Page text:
Charlotte Free rollerskates down the runway for Moschino.

"It's a sick fucking world we live in," said a friend of mine while scrolling through the news the other day. She's right. War, terrorism, disease, natural disasters, racism, school shootings, and worse are increasingly permeating headlines. And in the past year—what with ISIS, Ebola, Gaza, Malaysia Airlines flight 370, and the conflict in Ukraine (just to name a few recent crises)—I've started to entertain the idea that the guy in the tinfoil helmet standing on Fifth Avenue preaching the end of the world might actually be on to something.

With that in mind, it's somewhat surprising that the Spring '15 collections aren't all comprised of apocalyptic armor and despair (though Rei Kawakubo's blood red Comme des Garçons outing made a pretty strong statement). Rather, designers are focusing on rave culture, drug-induced euphoria, escapism, and in some instances, plain old joy, as evidenced by the runways of Jeremy Scott, Marc by Marc Jacobs, Dries Van Noten, and Anna Sui, to name just a few.

Designers are focusing on rave culture, drug-induced euphoria, escapism, and in some instances, plain old joy.

Is this a direct response to current events? Dr. Valerie Steele, a fashion historian and the curator of the Museum at FIT thinks not. "Usually it doesn't go directly from, say, war or economic meltdown, or ecological catastrophe, to the artwork. It's only a handful of artists—and an even smaller number of designers—who directly respond to that kind of thing," Steele told me. "What almost always happens is that major events are refracted through 'the world of craft,' whether it's fashion, film, or art."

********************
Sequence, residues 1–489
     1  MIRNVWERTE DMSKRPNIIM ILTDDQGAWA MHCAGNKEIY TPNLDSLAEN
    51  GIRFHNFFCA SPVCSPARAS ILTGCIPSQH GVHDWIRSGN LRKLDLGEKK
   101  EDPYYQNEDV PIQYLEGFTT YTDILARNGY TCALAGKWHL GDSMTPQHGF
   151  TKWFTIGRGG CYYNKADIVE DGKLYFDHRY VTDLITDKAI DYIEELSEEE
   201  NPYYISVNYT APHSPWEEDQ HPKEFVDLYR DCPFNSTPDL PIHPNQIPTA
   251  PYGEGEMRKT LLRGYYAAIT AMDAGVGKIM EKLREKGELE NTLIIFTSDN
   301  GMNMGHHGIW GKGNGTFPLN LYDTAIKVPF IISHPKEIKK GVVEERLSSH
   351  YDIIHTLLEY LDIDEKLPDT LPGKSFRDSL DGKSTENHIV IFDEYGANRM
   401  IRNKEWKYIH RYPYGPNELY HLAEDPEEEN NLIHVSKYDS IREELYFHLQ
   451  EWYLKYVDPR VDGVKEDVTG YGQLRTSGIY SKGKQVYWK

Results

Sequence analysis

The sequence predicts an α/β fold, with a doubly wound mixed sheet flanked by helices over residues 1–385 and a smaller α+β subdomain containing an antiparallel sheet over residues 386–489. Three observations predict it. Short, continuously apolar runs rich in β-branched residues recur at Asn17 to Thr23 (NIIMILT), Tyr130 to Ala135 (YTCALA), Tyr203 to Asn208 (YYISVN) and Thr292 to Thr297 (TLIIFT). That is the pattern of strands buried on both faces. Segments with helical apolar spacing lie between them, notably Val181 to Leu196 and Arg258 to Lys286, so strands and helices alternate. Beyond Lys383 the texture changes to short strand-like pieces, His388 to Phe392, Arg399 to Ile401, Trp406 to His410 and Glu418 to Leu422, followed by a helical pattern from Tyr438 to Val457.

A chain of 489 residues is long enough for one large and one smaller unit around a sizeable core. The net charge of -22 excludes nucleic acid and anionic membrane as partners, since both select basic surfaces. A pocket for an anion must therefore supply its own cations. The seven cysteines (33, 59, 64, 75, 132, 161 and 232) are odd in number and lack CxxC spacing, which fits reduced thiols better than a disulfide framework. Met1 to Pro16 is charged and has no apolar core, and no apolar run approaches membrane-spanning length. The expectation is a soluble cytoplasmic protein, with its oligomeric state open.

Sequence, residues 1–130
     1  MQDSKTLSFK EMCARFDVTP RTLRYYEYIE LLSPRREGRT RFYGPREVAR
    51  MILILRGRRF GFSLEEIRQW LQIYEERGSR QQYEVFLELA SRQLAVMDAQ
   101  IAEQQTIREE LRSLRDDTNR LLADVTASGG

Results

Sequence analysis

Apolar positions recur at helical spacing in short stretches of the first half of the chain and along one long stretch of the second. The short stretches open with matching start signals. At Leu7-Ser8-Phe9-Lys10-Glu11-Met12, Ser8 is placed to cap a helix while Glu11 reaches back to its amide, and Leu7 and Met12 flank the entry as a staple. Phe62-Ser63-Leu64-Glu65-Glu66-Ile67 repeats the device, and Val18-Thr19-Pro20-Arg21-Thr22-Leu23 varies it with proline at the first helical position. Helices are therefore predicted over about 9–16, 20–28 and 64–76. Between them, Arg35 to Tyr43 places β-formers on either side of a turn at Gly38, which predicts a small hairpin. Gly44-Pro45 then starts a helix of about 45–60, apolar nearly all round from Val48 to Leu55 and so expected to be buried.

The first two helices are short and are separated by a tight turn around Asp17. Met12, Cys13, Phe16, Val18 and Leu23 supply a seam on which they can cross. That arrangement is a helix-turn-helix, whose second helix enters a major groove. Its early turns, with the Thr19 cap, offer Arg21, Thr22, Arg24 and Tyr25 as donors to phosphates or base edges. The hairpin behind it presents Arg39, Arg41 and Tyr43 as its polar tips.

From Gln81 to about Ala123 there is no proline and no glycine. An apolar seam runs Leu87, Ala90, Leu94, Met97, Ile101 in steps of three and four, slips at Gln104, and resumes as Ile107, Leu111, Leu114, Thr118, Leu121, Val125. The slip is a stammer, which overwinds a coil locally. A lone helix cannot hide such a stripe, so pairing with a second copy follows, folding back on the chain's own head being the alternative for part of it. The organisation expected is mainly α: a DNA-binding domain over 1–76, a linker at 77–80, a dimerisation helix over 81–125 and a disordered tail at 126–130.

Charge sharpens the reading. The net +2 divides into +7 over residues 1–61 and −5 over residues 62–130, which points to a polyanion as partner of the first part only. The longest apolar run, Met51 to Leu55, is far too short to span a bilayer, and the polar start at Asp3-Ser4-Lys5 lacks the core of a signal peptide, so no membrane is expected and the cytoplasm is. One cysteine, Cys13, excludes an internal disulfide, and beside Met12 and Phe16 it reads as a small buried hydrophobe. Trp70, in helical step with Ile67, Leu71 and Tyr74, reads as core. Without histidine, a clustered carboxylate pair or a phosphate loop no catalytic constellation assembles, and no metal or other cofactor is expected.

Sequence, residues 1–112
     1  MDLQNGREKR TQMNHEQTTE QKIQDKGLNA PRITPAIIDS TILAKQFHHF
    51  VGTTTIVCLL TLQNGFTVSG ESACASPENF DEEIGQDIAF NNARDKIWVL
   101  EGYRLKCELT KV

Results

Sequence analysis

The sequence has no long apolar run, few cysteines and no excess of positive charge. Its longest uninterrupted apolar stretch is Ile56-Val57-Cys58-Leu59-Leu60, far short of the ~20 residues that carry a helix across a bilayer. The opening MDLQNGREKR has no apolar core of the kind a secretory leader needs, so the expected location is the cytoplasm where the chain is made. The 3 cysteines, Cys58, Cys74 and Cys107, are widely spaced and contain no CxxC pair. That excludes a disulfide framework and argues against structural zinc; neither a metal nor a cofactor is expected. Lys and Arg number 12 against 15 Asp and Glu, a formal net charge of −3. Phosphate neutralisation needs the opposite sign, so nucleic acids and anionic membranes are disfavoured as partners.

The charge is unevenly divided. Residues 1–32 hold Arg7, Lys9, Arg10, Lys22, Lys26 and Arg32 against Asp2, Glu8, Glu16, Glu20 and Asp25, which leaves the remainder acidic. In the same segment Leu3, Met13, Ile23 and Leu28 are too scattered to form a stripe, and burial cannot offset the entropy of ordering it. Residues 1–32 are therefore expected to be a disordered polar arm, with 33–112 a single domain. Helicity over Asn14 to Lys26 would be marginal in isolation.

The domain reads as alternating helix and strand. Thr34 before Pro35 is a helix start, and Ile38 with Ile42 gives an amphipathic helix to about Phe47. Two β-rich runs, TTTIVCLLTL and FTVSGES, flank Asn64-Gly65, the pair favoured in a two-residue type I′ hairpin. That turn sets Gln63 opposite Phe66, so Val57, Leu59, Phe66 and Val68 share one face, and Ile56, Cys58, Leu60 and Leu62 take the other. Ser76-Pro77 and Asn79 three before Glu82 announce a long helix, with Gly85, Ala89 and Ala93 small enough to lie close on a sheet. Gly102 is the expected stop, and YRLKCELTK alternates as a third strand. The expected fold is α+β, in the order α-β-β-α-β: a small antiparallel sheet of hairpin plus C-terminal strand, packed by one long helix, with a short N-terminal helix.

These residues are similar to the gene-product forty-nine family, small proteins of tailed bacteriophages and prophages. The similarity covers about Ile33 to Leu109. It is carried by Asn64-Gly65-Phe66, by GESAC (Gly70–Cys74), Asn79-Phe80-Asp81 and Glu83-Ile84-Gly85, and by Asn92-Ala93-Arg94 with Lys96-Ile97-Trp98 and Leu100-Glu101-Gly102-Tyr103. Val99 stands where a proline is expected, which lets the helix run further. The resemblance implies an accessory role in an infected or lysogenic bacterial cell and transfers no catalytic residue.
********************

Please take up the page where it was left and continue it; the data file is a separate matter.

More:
Jeremy Scott and Miley Cyrus

To a point, Steele is right: Not every designer is as politically outspoken or plugged-in as, say, Miuccia Prada or Vivienne Westwood, whose collections are often blatantly infused with their own ideologies. But that's not to say the global state of affairs has no effect on fashion designers. "Everywhere you turn, you're hearing about all these awful, awful things," offered Jeremy Scott, who during New York fashion week presented a music-festival-inspired lineup for his own label. In Milan, he showed a sexed-up Barbie collection for Moschino. "You can't even turn on the TV without seeing something terrible. So I've always tried to make my shows an escape."

Sure, Charlotte Free gliding down the catwalk in a pink bra top, athletic short shorts, and roller skates may seem frivolous, or even tone deaf, a week after President Obama called for air strikes on Iraq and Syria. Same goes for the fancy editors and celebrities who flew to Milan to sit front-row while tragedies were unfolding. But life doesn't stop because horrible things happen. "I often think about the Depression era, and how important going to the movies was," said Scott, likening his playful runway romps to the escapist cinema of the time. Yes, a movie ticket in the 1930s was more affordable than Moschino's aspirational garments, but one has to remember that the Internet is a big place, and millions of fans are experiencing the Spring shows on their computer screens.

"I become more saccharine sweet when things get more deadly real."

Jeremy Scott

"I don't try to dissect [what's going on in the world], but I'm aware of it," Scott continued. "There are critics who try to slag me off by saying, 'Oh, this has nothing to do with the real world.' But it's like, Don't you understand? I am more in tune with what's going on. I'm offering a reprieve from it," added the designer, who was, in so many words, accused by Vanessa Friedman of being out of touch after his Fall '14 Moschino debut. "I become more saccharine sweet when things get more deadly real."

Anna Sui Spring 2015